Autism: What to Make of the Dramatic Rise in Cases

For years the autism community's most powerful public-relations weapon has been a striking statistic: an estimated 1 in 150 children have the diagnosis. Now it appears that estimate is actually too small. According to two new studies, the number of kids diagnosed with autism or a related disorder in the U.S. is closer to 1 in 100.

The new data has everyone who cares about autism abuzz. But, as with so many issues connected to the disorder, no one can quite agree on what it means.

One of the new studies, published in Pediatrics, is based on a survey of more than 78,000 parents. Researchers asked them if doctors had ever diagnosed any of their children with autism or a related disorder on the autism spectrum, such as Asperger syndrome. More than 1,400 of the parents said yes. If those numbers represent the population at large, that means 673,000 American kids likely have a form of autism.

Parent surveys often yield unreliable data because respondents may misremember or misunderstand what doctors have told them. But the Pediatrics study is backed up by a second, more reliable set of data collected by the Centers for Disease Control and Prevention (CDC). The full results aren't out yet, but on Friday, CDC researchers reported that one in 100 8-year-olds has been labeled with a disorder on the autism spectrum. That number is based on the same methods that yielded the original 1-in-150 statistic—so using CDC data alone, it's certain that autism diagnoses are on the rise.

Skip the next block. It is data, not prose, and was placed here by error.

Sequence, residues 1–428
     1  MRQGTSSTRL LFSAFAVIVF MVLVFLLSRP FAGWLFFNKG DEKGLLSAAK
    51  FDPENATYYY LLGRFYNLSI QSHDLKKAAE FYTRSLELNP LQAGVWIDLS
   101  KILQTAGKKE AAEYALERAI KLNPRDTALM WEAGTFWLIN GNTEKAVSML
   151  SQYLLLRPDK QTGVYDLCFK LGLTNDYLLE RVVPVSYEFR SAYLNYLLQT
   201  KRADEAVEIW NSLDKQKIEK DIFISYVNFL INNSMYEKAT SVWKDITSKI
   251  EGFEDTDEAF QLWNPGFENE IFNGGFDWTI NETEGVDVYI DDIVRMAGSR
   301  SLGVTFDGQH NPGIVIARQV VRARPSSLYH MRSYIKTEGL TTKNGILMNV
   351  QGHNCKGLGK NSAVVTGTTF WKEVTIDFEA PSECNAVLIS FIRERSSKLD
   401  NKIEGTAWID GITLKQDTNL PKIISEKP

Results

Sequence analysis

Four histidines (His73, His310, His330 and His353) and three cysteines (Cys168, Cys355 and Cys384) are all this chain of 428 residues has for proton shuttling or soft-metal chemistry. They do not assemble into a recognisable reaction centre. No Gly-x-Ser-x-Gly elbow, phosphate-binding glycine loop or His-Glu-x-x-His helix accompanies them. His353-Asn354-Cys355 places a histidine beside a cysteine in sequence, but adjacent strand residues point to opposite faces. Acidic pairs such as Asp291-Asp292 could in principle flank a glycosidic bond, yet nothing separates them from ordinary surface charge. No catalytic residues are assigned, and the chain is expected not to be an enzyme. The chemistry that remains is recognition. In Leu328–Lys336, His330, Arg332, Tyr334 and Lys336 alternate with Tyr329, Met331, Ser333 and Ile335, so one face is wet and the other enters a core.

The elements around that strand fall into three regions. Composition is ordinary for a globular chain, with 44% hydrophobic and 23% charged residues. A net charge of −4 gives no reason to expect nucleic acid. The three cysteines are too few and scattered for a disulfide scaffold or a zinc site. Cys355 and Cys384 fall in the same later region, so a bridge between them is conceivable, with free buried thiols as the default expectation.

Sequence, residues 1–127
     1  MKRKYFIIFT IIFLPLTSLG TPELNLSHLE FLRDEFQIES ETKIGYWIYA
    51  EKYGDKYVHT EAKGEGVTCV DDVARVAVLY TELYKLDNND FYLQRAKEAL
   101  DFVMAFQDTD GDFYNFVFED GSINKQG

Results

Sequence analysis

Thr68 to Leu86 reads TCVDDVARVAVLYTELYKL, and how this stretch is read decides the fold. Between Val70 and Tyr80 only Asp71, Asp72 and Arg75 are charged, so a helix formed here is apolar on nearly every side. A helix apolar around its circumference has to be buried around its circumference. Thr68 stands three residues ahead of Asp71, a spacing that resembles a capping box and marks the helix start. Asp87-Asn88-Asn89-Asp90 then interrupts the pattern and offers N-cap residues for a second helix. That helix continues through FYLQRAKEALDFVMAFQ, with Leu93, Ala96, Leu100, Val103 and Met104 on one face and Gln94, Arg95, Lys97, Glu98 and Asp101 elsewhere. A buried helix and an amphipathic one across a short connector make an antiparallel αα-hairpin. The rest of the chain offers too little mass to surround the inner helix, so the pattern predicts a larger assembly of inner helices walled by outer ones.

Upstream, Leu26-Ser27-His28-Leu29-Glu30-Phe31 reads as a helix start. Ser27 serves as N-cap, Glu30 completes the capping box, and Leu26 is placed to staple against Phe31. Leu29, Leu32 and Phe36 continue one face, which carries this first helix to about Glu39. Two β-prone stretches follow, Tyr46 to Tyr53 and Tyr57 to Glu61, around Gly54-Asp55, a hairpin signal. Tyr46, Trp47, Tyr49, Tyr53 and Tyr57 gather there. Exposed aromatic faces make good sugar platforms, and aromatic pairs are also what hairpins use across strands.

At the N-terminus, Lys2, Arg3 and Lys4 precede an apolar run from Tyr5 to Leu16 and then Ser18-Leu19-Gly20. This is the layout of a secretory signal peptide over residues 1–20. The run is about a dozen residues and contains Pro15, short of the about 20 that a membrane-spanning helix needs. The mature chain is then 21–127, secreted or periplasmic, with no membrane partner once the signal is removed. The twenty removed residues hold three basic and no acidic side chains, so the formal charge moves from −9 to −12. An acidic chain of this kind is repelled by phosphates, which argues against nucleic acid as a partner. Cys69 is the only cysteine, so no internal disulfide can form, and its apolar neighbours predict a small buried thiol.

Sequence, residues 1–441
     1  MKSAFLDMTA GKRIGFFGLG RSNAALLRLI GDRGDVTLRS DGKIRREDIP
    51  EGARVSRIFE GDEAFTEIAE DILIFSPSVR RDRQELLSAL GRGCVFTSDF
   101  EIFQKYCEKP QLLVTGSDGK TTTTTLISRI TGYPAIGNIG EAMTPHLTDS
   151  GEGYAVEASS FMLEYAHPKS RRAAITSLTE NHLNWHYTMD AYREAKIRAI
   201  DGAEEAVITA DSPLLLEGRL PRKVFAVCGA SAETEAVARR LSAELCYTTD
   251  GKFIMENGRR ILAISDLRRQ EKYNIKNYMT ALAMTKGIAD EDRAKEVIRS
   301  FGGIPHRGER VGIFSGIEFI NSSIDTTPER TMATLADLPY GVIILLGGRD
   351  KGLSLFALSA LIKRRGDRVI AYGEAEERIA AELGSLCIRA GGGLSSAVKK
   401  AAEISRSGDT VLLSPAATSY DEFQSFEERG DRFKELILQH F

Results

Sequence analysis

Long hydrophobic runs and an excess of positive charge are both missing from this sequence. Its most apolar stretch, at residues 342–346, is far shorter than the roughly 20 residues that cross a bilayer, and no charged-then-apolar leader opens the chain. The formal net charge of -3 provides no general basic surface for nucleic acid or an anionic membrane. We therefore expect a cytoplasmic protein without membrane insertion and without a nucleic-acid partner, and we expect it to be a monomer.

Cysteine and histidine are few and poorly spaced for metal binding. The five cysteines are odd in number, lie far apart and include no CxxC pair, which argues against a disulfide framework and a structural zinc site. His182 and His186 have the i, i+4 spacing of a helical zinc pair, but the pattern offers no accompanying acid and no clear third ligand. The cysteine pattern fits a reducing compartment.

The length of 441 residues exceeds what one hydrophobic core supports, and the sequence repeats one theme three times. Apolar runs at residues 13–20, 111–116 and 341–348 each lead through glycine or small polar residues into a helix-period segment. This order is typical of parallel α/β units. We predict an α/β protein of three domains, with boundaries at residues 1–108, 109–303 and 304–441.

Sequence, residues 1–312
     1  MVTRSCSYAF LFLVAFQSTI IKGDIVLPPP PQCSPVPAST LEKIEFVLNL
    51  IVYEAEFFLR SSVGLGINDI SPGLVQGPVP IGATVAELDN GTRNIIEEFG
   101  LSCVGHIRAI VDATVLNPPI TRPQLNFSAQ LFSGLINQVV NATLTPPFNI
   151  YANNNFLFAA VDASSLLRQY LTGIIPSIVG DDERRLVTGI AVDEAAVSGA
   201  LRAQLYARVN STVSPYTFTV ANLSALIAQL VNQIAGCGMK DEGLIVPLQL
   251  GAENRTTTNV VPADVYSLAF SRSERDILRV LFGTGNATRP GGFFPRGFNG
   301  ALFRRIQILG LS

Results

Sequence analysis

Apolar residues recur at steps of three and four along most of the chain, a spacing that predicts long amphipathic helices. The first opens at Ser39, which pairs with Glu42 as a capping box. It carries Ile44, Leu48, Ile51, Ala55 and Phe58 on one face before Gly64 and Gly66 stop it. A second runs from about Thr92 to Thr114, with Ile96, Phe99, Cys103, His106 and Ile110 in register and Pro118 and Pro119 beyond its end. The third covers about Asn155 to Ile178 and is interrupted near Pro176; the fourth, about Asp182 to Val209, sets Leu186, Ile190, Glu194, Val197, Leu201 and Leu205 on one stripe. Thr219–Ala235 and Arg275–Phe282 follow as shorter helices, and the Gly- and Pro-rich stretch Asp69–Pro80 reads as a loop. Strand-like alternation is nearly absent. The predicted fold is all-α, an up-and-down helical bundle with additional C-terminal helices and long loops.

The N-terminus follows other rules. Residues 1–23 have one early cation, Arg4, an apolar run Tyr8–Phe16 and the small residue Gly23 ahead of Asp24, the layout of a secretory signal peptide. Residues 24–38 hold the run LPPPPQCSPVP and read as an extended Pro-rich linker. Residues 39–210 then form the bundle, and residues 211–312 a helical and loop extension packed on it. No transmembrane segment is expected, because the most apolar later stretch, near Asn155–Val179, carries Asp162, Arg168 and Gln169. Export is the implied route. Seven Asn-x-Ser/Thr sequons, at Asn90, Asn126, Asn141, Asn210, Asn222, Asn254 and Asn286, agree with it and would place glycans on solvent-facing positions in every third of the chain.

That, however, is where the certainty stops. In the contentious autism community, two debates are constantly simmering: How many more children actually have autism now than had it in the past? And what are the underlying causes? The new numbers don't just fail to resolve either of these debates—they turn up the heat on both.

A rise in autism spectrum diagnoses doesn't necessarily mean a precisely corresponding rise in actual cases. Doctors may be inflating the numbers inadvertently by diagnosing the disorder more readily than they used to. Many doctors now diagnose autism and related disorders in children they might once have classified differently. Also, they may be more likely to give a child a diagnosis if they think that will help the child's parents obtain special-education services from public schools. Some are even willing to diagnose autism as a co-morbid condition in "people with clearly identifiable genetic disorders, such as Down syndrome—which is something that nobody would have dreamed of doing in the past," says Roy Grinker, a George Washington University anthropologist (and father of a child with autism) who believes the new numbers largely reflect an increase in diagnosis rather than actual illness.

At the same time, there's good evidence that more children actually are suffering from autism. In January, researchers at the University of California, Davis analyzed a seven- to eightfold increase in diagnoses in their state since 1990. Twenty-nine percent of that increase could be explained by doctors' diagnosing cases they might not have diagnosed before, says Irva Hertz-Picciotto, who led the study. Another four percent came from doctors diagnosing cases in younger children. But that still leaves 67 percent of the huge increase unexplained—and, says Hertz-Picciotto, that part is real.